Photos and secret love letters of Frida KahloBy Pictolic https://pictolic.com/en/article/photos-and-secret-love-letters-of-frida-kahlo
The artist, known for her exotic beauty, painted fascinating paintings in which her own personality was imprinted. Frida Kahlo's work borders on self-portrait art and visual mythology. Her paintings mixed stories of personal torment and surreal visions generated by the subconscious.
Frida Kahlo was the center of attention, she was photographed no less than any Mexican movie star of those times. But the beautiful pictures depicted only a vivid version of Kahlo's life, leaving behind the scenes the emotional and physical pain that accompanied her for most of her life.
At the age of six, Kahlo fell ill with polio. At the age of 18, she got into a serious accident and received irreparable injuries, being a passenger of a bus that a tram crashed into. Doctors found Frida with a triple fracture of the spine and a broken pelvis three times, as well as 11 fractures of the right leg that had previously suffered from polio, a fragmented foot, a fracture of the collarbone and ribs, a dislocation of the shoulder. Injuries to the abdomen and reproductive organs that caused infertility were severe. After the disaster, the artist underwent many more operations throughout her life, mainly on the spine, and was dependent on painkillers. She desperately wanted to become a mother, but three times the pregnancy tragically ended with a forced termination.
Frida suffered deeply from the inability to give birth to a child. She poured out all her inner torments in her canvases. But in public she was seen invariably persistent, cheerful and amazingly beautiful.
The relationship with her husband Diego Rivera, whom she once called her second accident, also became complicated. Being a popular artist, he aroused the interest of many women, tied endless affairs, bringing incredible suffering to Frida, who was 21 years younger than him. In the end, she herself began to find joy on the side.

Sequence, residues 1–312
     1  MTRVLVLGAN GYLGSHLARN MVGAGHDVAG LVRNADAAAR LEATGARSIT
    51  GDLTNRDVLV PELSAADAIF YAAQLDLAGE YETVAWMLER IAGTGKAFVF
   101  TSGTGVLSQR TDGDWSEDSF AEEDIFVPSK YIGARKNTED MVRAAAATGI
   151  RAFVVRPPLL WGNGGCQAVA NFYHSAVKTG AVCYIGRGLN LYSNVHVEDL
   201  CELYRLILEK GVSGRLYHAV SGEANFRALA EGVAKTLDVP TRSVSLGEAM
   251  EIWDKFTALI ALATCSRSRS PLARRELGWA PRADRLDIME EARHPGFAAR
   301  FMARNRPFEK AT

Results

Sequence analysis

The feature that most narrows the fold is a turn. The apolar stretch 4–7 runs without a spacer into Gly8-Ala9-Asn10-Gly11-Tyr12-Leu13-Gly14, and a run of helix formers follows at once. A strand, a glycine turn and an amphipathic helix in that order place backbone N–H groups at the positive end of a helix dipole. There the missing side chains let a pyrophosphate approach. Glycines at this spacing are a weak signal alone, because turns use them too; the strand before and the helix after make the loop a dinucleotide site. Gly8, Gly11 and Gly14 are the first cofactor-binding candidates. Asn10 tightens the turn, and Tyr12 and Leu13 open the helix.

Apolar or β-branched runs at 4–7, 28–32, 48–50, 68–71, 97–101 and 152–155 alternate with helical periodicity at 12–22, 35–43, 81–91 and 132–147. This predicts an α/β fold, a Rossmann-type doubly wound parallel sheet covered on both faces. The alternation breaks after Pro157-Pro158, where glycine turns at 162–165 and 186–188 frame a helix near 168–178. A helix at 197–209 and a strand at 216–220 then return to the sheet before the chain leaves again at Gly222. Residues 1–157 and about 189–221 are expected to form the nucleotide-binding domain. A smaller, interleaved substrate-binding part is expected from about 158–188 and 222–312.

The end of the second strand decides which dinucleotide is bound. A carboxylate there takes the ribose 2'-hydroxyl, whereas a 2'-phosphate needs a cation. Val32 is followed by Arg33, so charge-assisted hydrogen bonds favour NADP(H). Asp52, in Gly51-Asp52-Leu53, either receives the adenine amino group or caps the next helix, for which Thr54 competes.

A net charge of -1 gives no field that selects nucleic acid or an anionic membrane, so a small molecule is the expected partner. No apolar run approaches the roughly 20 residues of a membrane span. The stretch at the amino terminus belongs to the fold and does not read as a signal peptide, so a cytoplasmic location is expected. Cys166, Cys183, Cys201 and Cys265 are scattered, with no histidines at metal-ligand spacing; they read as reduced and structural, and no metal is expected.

From May 21 to September 12, 2015, the multi-faceted beauty of the rebellious artist was presented at the Throckmorton Fine Art Gallery in New York. They showed portraits of Frida Kahlo made by 20 influential photographers of the 20th century, including Andre Breton, Dora Maar, Lola Alvarez Bravo, Imogen Cunningham.
Here are some wonderful photos of Frida Kahlo:
Constant interest is aroused not only by creativity, but also by the personal life of the artist.
This is how the famous Mexican artist turned to Jose Bartoli, a Catalan artist and political refugee who moved to New York to escape the horrors of the Spanish Civil War.
Frida Kahlo and Bartoli met when she was recovering from another spinal surgery. After returning to Mexico, she left Bartoli, but their secret romance continued at a distance. The correspondence lasted for several years, affecting the artist's painting, her health and her relationship with her husband.
Bartoli kept more than 100 pages of love letters written between August 1946 and November 1949 until his death in 1995, then the correspondence passed into the hands of his family.
Despite the fact that they lived in different cities and rarely saw each other, the relationship between the artists lasted for three years. They exchanged sincere declarations of love hidden in sensual and poetic works. Frida painted the double self-portrait "The Tree of Hope" after one of her meetings with Bartoli.
Hayden Herrera, Frida's biographer, notes in his essay for Doyle New York that Kahlo signed letters to Bartoli "Maara". This is probably an abbreviated version of the nickname "Maravillosa". And Bartoli wrote to her under the name "Sonya". This conspiracy was an attempt to avoid the jealousy of Diego Rivera. According to rumors, among other affairs, the artist was in a relationship with Isamu Noguchi and with Josephine Baker. Rivera, who endlessly and openly cheated on his wife, turned a blind eye to her entertainment with women, but reacted violently to connections with men.
Frida Kahlo's letters to Jose Bartoli were never published. They reveal new information about one of the most important artists of the 20th century. The correspondence is diluted with old photographs of Kahlo and Bartoli.